A hardy winter annual native to Texas, 12-24" high. Adopted as the "State Flower of Texas", this is the most commonly seen variety along roadsides and in uncultivated pastures throughout the state. Flowers are densely arranged on a spike with a characteristic ice white terminal tip. Bluebonnets cannot tolerate poorly drained, clay based soils. Seed planted in poorly drained soils will germinate, but plants will never fully develop. Seedlings will become either stunted or turn yellow and soon die. Prefers a sloped area in light to gravelly, well-drained soil. Requires full sun.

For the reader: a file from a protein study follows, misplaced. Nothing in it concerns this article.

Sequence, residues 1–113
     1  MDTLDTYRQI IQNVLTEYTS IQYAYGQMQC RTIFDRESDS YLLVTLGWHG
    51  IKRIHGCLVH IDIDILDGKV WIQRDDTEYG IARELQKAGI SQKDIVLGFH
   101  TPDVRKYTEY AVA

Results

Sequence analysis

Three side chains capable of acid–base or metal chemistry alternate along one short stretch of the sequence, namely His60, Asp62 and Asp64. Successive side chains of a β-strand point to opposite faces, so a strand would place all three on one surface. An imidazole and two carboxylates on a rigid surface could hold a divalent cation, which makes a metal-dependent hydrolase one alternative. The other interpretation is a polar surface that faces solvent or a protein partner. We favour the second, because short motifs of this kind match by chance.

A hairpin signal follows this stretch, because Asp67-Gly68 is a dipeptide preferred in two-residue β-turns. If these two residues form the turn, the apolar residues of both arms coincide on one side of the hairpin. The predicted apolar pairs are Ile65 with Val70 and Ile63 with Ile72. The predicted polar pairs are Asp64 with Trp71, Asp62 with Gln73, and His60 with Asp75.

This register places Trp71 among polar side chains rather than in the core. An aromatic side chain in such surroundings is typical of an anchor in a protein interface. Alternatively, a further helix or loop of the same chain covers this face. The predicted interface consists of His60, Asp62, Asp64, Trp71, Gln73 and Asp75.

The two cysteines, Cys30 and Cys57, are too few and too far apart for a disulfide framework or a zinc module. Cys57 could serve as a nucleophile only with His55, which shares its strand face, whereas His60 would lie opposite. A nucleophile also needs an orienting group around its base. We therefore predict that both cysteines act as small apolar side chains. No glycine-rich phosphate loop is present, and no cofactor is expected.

The best is to plant them in late winter just after the ground has thawed since the cold helps them sprout. If planted in the fall some seeds will sprout in the fall while most will come up in the spring. To get them going in late spring or summer soak them in water overnight, this will make the seeds swell up and start the growth of the seed. Transplanting is said to be difficult but the sources say that small plants can be easily moved if you keep a lot of soil around the roots. This has not worked well for me, and i use egg boxes to start the seeds, one in each whole, cut the box in 12 pieces once the seedlings show up and plant the whole little pot into the ground. The egg boxes will rotten by the time and keep cutworms away from the young roots